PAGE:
The government is this month expanding the Aasandha universal health insurance for Maldives nationals with resident visas in Sri Lanka and India to specific “empanelled” hospitals.
National Social Protection Agency (NSPA) Chair and State Minister State for Health Thoriq Ali Luthfee has said that to coincide with the Islamic Holy month of Ramadan, Maldives nationals residing in the two countries would now be covered for 397 surgical and medical procedures under the universal health scheme.
The coverage will be available at a set number of hospitals that have already been providing services under Aasandha in Sri Lanka and India.
The Aasandha universal health insurance program was introduced by former President Nasheed’s government in January 2012 and retained by President Waheed’s administration after the controversial transfer of power in February the same year.
The scheme, a public-private partnership with Allied Insurance, covers up to MVR100,000 (US$6500) in healthcare costs for Maldives nationals with valid national identity cards.
State Minister Luthfee claimed that the extension of the services to Maldivians residing in Sri Lanka and India was possible as a result of cutting systematic “waste” from the Aasandha system present from its inception under the previous government.
The government has announced the launch of the new services at a time where health authorities have continued to come under criticism about limited health services being offered to patients domestically.
In June, President Waheed told staff at Indhira Gandhi Memorial Hospital (IGMH) in Male’ that his government was working to try and overcome “budgetary challenges” it has been facing in providing healthcare services. The pledge was made amidst concerns about limited services at domestic health centres in the country.
Earlier the same month, the Ministry of Health had told Minivan News that insufficient salaries and concerns over staff safety were key issues driving “shortages” in the number of trained medical staff coming from abroad to work at hospitals in the Maldives, resulting in impacts to services.
However, despite economic difficulties facing the provision of health care in the Maldives at domestic hospitals and health centres, Luthfee said that Aasandha was funded and overseen by the NSPA under a separate budget budget to health finance – which was handled by the health Ministry.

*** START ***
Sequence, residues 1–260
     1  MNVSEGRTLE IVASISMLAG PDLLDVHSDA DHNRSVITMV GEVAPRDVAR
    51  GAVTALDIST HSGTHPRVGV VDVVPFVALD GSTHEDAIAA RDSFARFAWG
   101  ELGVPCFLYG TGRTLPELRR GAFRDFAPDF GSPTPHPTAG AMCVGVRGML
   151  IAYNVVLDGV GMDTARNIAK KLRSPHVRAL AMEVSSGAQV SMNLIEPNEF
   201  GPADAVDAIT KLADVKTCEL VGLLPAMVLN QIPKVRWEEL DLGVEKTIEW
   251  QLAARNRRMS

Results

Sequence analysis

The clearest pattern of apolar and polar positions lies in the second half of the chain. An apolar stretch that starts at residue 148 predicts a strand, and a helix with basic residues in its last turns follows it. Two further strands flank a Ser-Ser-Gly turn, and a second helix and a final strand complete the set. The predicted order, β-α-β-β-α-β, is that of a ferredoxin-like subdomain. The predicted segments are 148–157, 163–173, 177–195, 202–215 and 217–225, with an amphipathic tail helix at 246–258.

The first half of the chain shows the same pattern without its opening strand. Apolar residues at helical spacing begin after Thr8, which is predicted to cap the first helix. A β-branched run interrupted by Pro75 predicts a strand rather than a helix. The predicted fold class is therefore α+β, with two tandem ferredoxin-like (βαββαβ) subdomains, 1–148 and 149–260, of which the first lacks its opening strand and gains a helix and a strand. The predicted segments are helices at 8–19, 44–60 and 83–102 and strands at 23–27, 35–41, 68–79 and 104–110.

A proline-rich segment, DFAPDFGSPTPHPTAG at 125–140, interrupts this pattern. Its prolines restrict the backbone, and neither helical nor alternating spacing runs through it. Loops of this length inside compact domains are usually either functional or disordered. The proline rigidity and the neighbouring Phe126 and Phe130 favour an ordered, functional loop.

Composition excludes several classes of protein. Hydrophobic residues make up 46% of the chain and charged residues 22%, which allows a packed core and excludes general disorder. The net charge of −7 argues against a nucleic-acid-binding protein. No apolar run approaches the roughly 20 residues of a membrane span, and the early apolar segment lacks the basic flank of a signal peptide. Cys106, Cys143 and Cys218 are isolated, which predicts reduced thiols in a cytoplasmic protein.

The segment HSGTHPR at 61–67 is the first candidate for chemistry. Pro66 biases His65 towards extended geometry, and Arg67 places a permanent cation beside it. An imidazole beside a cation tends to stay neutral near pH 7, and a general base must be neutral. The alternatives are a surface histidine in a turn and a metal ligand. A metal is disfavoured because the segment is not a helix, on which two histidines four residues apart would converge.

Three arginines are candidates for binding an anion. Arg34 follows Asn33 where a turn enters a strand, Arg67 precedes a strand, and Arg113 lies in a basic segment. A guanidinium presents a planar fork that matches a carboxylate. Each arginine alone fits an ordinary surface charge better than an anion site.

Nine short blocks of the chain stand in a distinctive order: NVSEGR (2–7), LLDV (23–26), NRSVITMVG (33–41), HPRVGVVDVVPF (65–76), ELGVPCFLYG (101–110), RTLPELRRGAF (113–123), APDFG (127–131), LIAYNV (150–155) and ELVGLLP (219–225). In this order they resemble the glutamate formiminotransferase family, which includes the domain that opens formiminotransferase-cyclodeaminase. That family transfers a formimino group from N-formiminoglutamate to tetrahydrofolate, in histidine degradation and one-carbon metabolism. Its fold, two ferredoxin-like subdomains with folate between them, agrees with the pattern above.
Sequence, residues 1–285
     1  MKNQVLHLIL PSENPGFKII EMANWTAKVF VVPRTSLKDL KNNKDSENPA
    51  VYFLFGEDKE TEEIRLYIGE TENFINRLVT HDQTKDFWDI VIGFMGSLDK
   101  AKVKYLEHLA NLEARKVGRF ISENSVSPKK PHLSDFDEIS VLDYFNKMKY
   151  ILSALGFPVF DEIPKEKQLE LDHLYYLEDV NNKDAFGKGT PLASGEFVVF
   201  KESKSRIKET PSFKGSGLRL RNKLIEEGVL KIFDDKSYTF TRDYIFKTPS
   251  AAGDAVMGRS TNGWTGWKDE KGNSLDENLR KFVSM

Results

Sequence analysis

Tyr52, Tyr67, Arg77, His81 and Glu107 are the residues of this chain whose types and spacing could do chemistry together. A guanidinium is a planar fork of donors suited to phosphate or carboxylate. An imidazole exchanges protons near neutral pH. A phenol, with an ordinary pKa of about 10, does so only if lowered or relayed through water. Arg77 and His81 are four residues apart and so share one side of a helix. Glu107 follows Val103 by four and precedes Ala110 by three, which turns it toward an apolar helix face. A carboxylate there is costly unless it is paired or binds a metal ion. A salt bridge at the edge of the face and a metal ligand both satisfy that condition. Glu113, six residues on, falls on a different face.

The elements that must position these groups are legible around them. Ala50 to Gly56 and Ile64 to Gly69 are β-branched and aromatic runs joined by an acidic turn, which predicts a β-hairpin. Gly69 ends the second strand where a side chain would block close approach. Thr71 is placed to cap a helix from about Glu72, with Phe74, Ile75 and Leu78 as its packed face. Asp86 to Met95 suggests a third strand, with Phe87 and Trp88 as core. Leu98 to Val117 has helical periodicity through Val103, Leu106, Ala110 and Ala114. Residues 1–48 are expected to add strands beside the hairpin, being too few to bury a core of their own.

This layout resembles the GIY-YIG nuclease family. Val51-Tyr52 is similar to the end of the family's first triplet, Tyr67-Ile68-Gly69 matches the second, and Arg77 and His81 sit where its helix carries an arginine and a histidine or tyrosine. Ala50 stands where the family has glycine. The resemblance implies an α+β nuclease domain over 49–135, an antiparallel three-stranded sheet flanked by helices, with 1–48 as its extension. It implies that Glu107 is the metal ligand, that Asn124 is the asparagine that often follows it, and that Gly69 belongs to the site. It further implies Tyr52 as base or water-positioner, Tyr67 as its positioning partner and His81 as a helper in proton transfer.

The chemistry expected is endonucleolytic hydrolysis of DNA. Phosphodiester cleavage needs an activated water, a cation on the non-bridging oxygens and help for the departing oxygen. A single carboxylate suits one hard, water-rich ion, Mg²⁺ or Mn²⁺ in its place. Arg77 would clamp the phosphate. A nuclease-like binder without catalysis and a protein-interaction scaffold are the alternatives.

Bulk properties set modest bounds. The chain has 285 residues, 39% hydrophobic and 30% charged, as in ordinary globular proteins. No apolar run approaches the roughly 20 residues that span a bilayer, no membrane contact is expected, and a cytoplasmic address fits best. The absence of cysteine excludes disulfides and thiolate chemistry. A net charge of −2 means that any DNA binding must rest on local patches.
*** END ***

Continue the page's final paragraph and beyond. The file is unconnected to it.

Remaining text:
He claimed that the outcome of extending Aasandha coverage for residents in Sri Lanka and India would need to be monitored to see if the system could be extended to for Maldivian expatriates in other parts of the world.
Luthfee claimed that one key consideration of the success of expanding Aasandha coverage would in whether Maldivians used the scheme “responsibly”.
Shortly after the launch of the scheme in January 2012, Health Minister Dr Ahmed Jamsheed – then Chief Operating Officer at Male’s ADK hospital – said the private health centre had been overwhelmed at the time by patients. He cited a 100 percent increase in demand for basic services in the first 14 days of the scheme.
Dr Jamsheed at the time contended that limited information on Aasandha’s financial structure was leading some members of the public to exaggerate their medical needs, with the mindset that all of their MVR100,000 allowance needed to be spent without regard for the system’s sustainability.
Luthfee claimed today that initial high pressure on the Aasandha system as a result of exaggerated medical needs had seemingly been tempered by greater accountability and a better understanding among the public of how the system was being financed.
“We have been able to balance this, partly through the use of a cost share agreement with private institutions participating in Aasandha,” he said.
Luthfee argued that the potential irresponsible use of universal medical care limiting services for the most in need was an issue initially seen in the early days of public healthcare systems all over the world – pointing to the early days of the UK’s National Health Service (NHS) model as one example.
He claimed that despite some of the challenges facing the system, Aasandha was now being operated in sustainable manner resulting from decreased costs to when the system was launched last year. He claimed that despite the decreased costs, services offered through the scheme had not been compromised as a result.
Earlier this year, the Amrita Institute of Technology Hospital in Kochi, India, announced that it had been forced to impose a credit limit on services being offered to Maldivian nationals travelling for treatment under Aasandha.
As with other similar insurance schemes, the hospital at the time told Minivan News that it had been forced to control patient admittance as a result of over 7 million rupees (US$130,536) in unpaid charges.
Aasandha’s management said there had been some issues receiving money from the Finance Ministry to cover bills owed as a result of the insurance scheme last December – traditionally a “peak” period for Maldivians wishing to seek medical treatment abroad.
A spokesperson for the hospital could not be reached for comment today.
However, Cosmopolitan Hospital in Travandrum, India, one of several health centres “empanelled” under the Aasandha scheme, said it continued to offer medical services to Maldivian nationals under the programme.
The spokesperson added that he had not been made aware of any issues presently with payments or services being provided through the system.
Nawaloka Hospital, based in Colombo, Sri Lanka, which is also offers treatments under Aasandha, confirmed that it was not aware of any issues with payments being received for treatments and continued to provide medical services to Maldives nationals without any significant limitations.
Last July, the present government pledged that Aasandha would “not collapse”, despite the state owing four months of unpaid premium charges sought to cover medical treatments.